• Eating vegetables can reduce the instance of cancer and heart disease, increase your energy and mental clarity, reduce the problems caused by bowel and liver toxicity, help reduce the symptoms of allergies, asthma, arthritis, skin problems, digestive problems, sinusitis, chronic pain and many other health problems.
  • Eating vegetables helps to alkalize the diet. (We will go into the concept of alkaline and acid ash foods in the next section.) Ideally ½ to ¾ of the volume of the food you eat should be vegetables. Corn and potatoes don’t count as vegetables. Fruit is also good for you; it is a good source of vitamin C and fiber. Eating vegetables is stressed here because when people are told to eat more fruits and vegetables, they tend to increase fruit intake but not vegetable intake.


  1. Avoid deep fried food, trans fats, partially hydrogenated oil and hydrogenated oil: As time passes, we keep finding more bad things about hydrogenated oil and fried foods. Hydrogenation is the food industry’s way of turning liquid oils into solid fats. This gives packaged foods a longer shelf life than if they were made with natural oils. Hydrogenation produces trans fats, which have been linked to a number of health problems such as the following:
  • Cancer: Women with higher levels of trans fats in their cells are much more likely to develop breast cancer than women with low levels of trans fats.
  • Pain and inflammation become much worse for patients who consume hydrogenated oils. They chemically prevent the formation of natural anti-inflammatory substances that are normally produced by the body. If you suffer from chronic pain or have recently been injured, strictly avoid hydrogenated oil.
  • Heart disease: High levels of trans fats create platelet aggregation, which is the beginning of the plaque associated with coronary heart disease. Lately a lot has been written linking inflammation with heart disease.
  • Trans fats are incorporated into the cells and make them less resistant to chemicals, bacteria and viruses. This could be a source of immune system problems.
  • There may be a link between trans fats and ADD, depression and fatigue. Brain and nerve tissue have a high content of fat. Some researches believe that when trans fats are incorporated into the nerve cells they affect function, creating problems like ADD and depression.
  • Muscle fatigue and skin problems are also linked to hydrogenated oils. Most chips and fried snacks contain hydrogenated oils. Hydrogenated oils are found in a lot of packaged foods like crackers, cereals and even bread. They are often found in margarine (margarine is much worse for you than butter); mayonnaise; and a lot of bottled salad dressings. Read labels.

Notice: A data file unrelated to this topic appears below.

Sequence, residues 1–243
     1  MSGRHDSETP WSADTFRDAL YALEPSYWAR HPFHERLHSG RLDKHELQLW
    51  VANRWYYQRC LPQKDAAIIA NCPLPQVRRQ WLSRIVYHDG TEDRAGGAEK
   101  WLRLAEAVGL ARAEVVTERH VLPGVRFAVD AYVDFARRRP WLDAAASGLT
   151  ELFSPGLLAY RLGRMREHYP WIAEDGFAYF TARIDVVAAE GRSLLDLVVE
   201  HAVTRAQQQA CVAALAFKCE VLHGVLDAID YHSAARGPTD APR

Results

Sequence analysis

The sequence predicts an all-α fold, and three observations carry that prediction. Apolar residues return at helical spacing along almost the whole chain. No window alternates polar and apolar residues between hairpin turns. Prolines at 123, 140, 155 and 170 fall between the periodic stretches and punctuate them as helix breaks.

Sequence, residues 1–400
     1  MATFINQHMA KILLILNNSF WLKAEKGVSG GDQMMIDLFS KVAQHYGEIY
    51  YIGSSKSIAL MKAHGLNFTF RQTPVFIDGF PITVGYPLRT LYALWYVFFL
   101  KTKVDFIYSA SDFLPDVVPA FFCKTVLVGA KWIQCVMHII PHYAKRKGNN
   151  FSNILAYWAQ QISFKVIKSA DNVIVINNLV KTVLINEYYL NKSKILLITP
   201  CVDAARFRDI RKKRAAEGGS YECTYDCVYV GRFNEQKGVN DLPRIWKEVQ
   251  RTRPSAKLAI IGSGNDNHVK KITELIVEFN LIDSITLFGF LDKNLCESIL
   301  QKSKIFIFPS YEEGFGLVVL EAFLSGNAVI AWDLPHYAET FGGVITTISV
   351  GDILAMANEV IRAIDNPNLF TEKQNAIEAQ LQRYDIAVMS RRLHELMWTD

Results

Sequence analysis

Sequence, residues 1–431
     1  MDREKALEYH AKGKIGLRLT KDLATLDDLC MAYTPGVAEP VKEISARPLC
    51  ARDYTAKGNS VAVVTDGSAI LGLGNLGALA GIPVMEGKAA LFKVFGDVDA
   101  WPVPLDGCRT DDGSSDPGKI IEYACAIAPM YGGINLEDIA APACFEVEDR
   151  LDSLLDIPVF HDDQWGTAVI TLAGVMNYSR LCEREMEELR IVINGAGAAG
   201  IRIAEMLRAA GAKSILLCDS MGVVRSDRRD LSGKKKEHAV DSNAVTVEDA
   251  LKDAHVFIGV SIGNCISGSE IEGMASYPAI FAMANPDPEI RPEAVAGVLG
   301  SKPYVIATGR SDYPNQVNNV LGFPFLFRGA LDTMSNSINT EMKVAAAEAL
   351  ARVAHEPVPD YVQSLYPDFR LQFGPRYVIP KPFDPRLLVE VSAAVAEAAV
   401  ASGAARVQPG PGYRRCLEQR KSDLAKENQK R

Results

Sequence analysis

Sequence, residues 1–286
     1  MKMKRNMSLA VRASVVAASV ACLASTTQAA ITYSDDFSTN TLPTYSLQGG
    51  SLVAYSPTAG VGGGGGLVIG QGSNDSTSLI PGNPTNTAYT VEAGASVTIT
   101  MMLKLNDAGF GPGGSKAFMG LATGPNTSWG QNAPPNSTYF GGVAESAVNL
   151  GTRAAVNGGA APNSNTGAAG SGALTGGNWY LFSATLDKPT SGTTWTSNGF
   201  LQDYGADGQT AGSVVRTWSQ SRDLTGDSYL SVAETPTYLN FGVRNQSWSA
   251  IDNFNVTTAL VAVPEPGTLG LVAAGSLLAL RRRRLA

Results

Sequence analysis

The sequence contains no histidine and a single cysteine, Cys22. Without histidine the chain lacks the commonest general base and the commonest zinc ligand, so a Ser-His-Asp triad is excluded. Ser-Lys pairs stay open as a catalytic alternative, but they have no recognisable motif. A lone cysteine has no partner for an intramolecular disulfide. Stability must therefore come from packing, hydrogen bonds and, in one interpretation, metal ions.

Not all fats are bad for you. Permissible fats include raw nuts (not roasted), virgin or extra virgin olive oil and avocados.

  1. Avoid refined sugar: The average American eats 150 pounds of refined sugar per year. Compare that to seven pounds per year consumed in England in 1750. Refined sugar increases insulin and adrenal hormone production and can cause the following health problems.
  • Increased production of adrenal hormones causes the body to excrete essential minerals.
  • Sugar consumption increases the body’s need for vitamins B and C.
  • Eating a lot of sugar aggravates many of the problems we associate with emotional stress. Sugar stresses the adrenal glands.
  • Sugar feeds yeast and other one-celled organisms found in the bowel, causing them to multiply. These organisms produce toxins, irritate the lining of the GI tract and take the place of normal, more beneficial flora, thus removing the benefits of helpful bacteria.
  • Eating sugar causes blood sugar swings. Blood sugar increases immediately after consuming sugar, prompting the body to produce insulin. Excess insulin creates more sugar cravings.
  • Eating sugar creates insulin insensitivity. More sugar is eaten, more insulin produced, etc. This stresses the pancreas and sets the stage for adult-onset diabetes.
  • There is a connection between sugar consumption and high cholesterol. Patients with Syndrome X (high cholesterol, high LDL, low HDL and high triglycerides) often have the problem because of consumption of sugar and refined carbohydrates.
  • Sugar consumption can make pain and inflammation worse.
  • Sugar can cause or aggravate allergies, sinusitis, asthma, irritable bowel, Candidiasis, migraine headaches, fatigue, depression and even heart disease.
  1. Avoid refined carbohydrates: The average American gets 50% of his or her calories from refined carbohydrates. Refined carbohydrates are grains that have had the fiber, vitamin E, B vitamins, bran and germ removed. In other words, the nutrients have been removed and you are left with the starch. They create all of the same health problems created by refined sugar. Go back and read the problems caused by refined sugar and realize that the list is exactly the same for refined starches

Refined carbohydrates fill you up—but not with vitamins and minerals. This stresses your digestive system and your endocrine system. Eating refined carbohydrates uses up precious vitamins and minerals.